The five foes who could crush the USMNT’s World Cup hopes
Kevin Molino, Trinidad and Tobago
Trinidad and Tobago's attack is governed by the Minnesota United playmaker, a thrillingly skilled and versatile player capable of winning games on his own. That's not news to Bruce Arena or his charges, who have seen Molino dominate on the right flank for Orlando City, for which he scored 11 goals with eight assists last year, and run the Loons' improving offense in its inaugural campaign. Minnesota United coach Adrian Heath, who spent nearly six full seasons with Molino in Orlando, considers him the best attacking midfielder in MLS. That's enormous praise, considering the competition.
Molino is just as vital for T&T, which has struggled to contend during the hex and have tallied just twice in its last five qualifiers, all of them losses. Molino scores plenty for a No. 10 -- he has 18 goals in 41 international games, 10th on the all-time Soca Warriors list and just one behind Dwight Yorke's total -- but there's only so much up top, and much of his creative work goes for naught. Should he take things into his own hands, he can cause problems. If anyone in either of these games can beat the U.S. on his own, it's probably Molino.
Gabriel Torres, Panama
Panama has some wonderful attacking talent, with Torres and Luis Tejada and Blas Perez for starters, but the team doesn't score a lot of goals. All of the Canaleros' Hex outings except September's 3-0 rout of Trinidad and Tobago have been decided by a goal or less, and their success relies on timely finishing as much as staunch defensive play. If a goal's to be got, Torres is the likeliest candidate to put it away.
The 28-year-old Lausanne-Sport striker's speed, skill and mobility can be a handful for opposing defenses, especially when playing off Perez or, as occurs less often, Tejada. The former Colorado Rapids Designated Player has 13 goals in 63 games for Panama, two of them game-winners during 2018 qualifying. His best was an astonishing five-touch, 75-yard sprint past two defenders to open the account against T&T.
If he finds space in or near the box, turns a defender, or receives a spot-on feed from Perez, Torres can knock the U.S. down and maybe out.
Jaime Penedo, Panama
The former LA Galaxy goalkeeper has been Panama's No. 1 -- and among CONCACAF's best -- for nearly a decade and a half, and he has posted shutouts in six of the 10 qualifiers he's played this cycle. He is a superb shot-stopper who is coming off a penalty-kick save in Dinamo Bucharest's 1-0 derby loss to Steaua, but he's prone to costly lapses. Nonetheless, he's a big-game performer, and this would be the biggest game the Canaleros have ever played if they win.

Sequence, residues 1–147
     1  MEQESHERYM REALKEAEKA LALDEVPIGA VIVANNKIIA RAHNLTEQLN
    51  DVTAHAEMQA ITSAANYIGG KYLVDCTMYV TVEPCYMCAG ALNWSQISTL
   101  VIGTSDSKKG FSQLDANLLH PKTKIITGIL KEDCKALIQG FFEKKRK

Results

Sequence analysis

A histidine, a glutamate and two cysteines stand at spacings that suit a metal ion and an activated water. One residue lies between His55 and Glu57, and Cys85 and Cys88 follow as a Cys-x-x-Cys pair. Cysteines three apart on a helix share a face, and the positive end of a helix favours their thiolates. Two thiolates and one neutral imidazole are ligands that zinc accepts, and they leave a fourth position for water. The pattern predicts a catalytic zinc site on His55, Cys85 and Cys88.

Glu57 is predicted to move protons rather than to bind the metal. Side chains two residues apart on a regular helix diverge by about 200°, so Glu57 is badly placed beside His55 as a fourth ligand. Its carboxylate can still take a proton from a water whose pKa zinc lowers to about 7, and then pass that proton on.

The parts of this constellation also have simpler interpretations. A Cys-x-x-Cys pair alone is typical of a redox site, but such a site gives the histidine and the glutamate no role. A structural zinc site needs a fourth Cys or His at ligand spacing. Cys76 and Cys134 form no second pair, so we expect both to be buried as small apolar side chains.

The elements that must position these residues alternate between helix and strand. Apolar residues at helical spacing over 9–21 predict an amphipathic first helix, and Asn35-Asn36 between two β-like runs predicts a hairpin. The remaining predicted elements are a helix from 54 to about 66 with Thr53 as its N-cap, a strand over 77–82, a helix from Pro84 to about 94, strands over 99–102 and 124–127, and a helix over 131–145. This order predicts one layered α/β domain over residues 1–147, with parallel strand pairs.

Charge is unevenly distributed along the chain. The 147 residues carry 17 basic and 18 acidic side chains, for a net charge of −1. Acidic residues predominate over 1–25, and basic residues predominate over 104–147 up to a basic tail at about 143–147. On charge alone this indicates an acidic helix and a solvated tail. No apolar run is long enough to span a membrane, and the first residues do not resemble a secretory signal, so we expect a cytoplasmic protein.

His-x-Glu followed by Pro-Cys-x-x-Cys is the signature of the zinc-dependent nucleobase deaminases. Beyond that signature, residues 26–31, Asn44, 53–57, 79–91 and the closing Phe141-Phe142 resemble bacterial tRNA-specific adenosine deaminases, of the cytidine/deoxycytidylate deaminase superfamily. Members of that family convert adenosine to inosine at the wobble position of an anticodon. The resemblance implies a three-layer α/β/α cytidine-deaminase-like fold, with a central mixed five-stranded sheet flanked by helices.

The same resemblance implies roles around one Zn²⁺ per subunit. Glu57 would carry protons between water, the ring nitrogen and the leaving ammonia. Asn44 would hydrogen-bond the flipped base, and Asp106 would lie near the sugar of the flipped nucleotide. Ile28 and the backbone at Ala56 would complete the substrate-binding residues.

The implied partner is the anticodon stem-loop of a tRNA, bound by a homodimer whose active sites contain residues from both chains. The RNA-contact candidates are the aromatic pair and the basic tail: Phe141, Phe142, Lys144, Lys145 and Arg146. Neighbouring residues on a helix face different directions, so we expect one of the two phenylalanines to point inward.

Penedo, 36, missed the September's qualifiers while injured, and backup Jose Calderon has been in strong form at Marathon in Honduras, so head coach Hernan Dario Gomez has options, although the wise money is on experience. Panama is organized and stringent defensively, and this is the last go for its golden generation. With Penedo at the back, stealing three points is doable.
Joevin Jones, Trinidad and Tobago
The U.S. knows well what it's facing in the Seattle Sounders' left-sider, whose productive three-year stretch in MLS closes this season with a move to Bundesliga 2 side SV Darmstadt slated for January. He played a sizable role as the Sounders marched to last year's MLS Cup title and emerged this season among the league's finest left backs. He's matured greatly defensively while evolving into a game-changer from the left flank.
He has 11 assists this season, the most in MLS by a non-attacking midfielder, and might be better suited for his role on the left side of midfield with Trinidad and Tobago. He has all the requisite tools and a knack for delivering the right ball at the right pace at the right time. He leads the Soca Warriors with five (of their 17) qualifying goals, and although the attack hasn't achieved much since the Hexagonal began, if he gets free -- more so if in tandem with Molino or Kenwyne Jones -- T&T can be deadly.
Felipe Baloy, Panama
Seattle's Roman Torres is dominant in central defense for Panama, but his status -- whether he can play and with how much effectiveness -- is uncertain after he left the Sounders' romp over Vancouver a week ago due to injury and missed Sunday's loss at Philadelphia. There's been no word since, and Panama's not going to say anything until it submits its lineup. However it plays out, Baloy is the key figure at the back.
The Canaleros' 36-year-old captain is a savvy center back with the strength to neutralize big forwards and smarts to handle nearly anything. He's lost a step with age, but his positioning and ability to organize a defense are among the best in the region, and he's got an experienced and capable crew to work with. Panama will look to clog the channels, close off space and counter when the opportunity presents itself, and if he's on his game, that could provide a path to Russia.